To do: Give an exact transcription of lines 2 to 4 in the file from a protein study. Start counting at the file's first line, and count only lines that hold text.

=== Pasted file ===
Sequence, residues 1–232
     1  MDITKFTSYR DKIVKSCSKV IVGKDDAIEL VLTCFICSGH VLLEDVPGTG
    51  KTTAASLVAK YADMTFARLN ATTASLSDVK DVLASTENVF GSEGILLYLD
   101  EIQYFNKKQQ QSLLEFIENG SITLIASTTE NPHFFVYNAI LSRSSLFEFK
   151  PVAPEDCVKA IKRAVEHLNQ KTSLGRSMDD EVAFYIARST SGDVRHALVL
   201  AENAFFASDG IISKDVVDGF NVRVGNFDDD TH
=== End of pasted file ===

     1  MDITKFTSYR DKIVKSCSKV IVGKDDAIEL VLTCFICSGH VLLEDVPGTG
    51  KTTAASLVAK YADMTFARLN ATTASLSDVK DVLASTENVF GSEGILLYLD
   101  EIQYFNKKQQ QSLLEFIENG SITLIASTTE NPHFFVYNAI LSRSSLFEFK